Since blogging makes me encounter what's going on in my head and translate it into words, I've been able to understand where I am and where I want to be. I absolutely love spending late nights talking to friends for exactly this reason (as well as to get to know the friend better) - as I've gotten older and started sleeping more regularly, I've transitioned into other ways of pouring out my heart and learning about others. My blog has been one outlet, and I'm always excited when a friend, new or old, comments on a post or talks to me in person/e-mail/text about their thoughts on what I've written. Together we'll keep growing into better people.

  3. I'm more open in sharing my faith.
    It made me laugh the other day - a friend I've known for about a year now was surprised when I told her my blog was forcing me to be more vocal about what I believe. Since we've been in a Catholic women's group together for a while, she is used to hearing me talk about my faith. I haven't always been comfortable with it though. Growing up, we didn't discuss matters of faith - we went to mass each Sunday and said a blessing before family dinners, but that was it. The first time I led a Bible study in college, I was so nervous to be in charge of the opening prayer! It was really tough to open up, and it's still something I'm working on. Writing posts makes me uncomfortable, too, but that's a good thing!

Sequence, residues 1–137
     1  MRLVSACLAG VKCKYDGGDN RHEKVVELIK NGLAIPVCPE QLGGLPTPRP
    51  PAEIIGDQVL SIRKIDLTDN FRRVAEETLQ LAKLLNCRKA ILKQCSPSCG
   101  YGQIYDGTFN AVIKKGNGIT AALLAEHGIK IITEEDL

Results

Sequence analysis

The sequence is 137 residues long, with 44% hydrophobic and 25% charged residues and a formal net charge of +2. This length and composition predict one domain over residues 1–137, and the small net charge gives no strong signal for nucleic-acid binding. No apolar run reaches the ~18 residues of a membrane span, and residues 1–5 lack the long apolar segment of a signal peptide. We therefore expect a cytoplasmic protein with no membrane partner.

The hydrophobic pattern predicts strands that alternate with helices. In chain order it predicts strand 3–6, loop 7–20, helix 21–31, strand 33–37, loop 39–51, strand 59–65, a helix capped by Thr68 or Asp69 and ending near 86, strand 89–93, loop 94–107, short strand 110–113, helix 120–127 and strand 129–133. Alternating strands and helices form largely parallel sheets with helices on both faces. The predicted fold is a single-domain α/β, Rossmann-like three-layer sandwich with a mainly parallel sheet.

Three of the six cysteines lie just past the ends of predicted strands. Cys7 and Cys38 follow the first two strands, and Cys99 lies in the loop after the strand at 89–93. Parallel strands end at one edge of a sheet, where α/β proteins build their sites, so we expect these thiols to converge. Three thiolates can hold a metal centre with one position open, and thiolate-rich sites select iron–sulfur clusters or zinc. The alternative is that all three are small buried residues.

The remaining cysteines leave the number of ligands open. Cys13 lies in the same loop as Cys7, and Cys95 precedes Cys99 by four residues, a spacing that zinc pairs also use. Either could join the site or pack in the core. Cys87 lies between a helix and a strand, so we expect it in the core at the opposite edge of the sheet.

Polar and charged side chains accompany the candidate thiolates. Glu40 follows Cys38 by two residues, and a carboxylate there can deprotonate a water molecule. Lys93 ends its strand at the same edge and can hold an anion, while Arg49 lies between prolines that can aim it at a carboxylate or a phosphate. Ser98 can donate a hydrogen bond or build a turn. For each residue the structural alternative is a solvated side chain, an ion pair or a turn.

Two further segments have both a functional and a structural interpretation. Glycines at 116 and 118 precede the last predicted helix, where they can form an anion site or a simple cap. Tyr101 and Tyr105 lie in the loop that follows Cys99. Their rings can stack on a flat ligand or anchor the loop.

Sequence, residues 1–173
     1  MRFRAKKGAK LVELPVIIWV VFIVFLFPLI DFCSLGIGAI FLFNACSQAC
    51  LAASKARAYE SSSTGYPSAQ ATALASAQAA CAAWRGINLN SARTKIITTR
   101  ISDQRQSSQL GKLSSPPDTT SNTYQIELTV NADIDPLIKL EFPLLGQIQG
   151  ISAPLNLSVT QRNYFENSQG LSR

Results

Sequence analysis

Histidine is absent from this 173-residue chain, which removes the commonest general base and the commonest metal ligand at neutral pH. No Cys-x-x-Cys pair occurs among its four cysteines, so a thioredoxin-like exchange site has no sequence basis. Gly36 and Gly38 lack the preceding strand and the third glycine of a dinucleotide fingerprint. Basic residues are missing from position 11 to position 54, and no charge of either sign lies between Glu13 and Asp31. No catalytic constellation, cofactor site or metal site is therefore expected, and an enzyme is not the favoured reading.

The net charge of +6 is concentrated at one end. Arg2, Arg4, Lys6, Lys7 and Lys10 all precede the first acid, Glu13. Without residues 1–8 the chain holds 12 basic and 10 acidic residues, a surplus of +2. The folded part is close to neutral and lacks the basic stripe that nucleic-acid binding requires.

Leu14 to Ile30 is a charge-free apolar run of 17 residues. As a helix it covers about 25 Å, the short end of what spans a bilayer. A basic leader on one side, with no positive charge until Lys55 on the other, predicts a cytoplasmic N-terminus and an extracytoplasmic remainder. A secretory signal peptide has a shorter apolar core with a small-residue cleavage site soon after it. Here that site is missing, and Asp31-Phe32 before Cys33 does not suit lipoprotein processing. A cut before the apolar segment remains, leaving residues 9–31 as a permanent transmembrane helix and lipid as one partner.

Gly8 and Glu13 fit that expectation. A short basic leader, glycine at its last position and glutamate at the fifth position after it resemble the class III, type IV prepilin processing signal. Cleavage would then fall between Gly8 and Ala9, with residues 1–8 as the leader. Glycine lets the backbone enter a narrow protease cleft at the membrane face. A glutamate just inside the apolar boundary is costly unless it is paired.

4. I tie things back to the big picture more, resulting in a more meaningful year.
    As I'm going through my day, I think a lot about what I'm encountering in terms of how I would write about it. This keeps things in perspective, makes me focus on God, and gives me a sense of how my mindset has changed over time. In management, one mantra I've heard is, "If it can't be measured, it can't be improved." By taking snapshots of where I am, I'm able to look back and somewhat quantify my spiritual growth. There have been substantial changes since I started this blog. I'm happy with who I've become this year, but I know there's a lot of growth ahead!
It has been a really good year for me spiritually, and as I review my original purpose in writing, I'm renewing that same objective as I move forward. I'm excited to see where God takes my life!

I'll leave you with a few of my modest stats as my own benchmark of where I am. Numbers aren't really my purpose - it's the quality of the interaction that matters to me, but here they are anyway.
  • 920 total pageviews (it may break 1000 this month!)
  • 34 published posts
  • 4 followers (6 months ago there was 1)
  • 6 e-mail subscribers (6 months ago there was 1)
  • 252 pageviews already for February (highest month by far)
  • 35 views of my top post - Single, and Loving It (6 months ago it was 12 for Aggie Catholics)
I look forward to more great interactions, both online and off. With that, taken from Archbishop Fulton Sheen...
Bye now! God love you!

Monday, February 17, 2014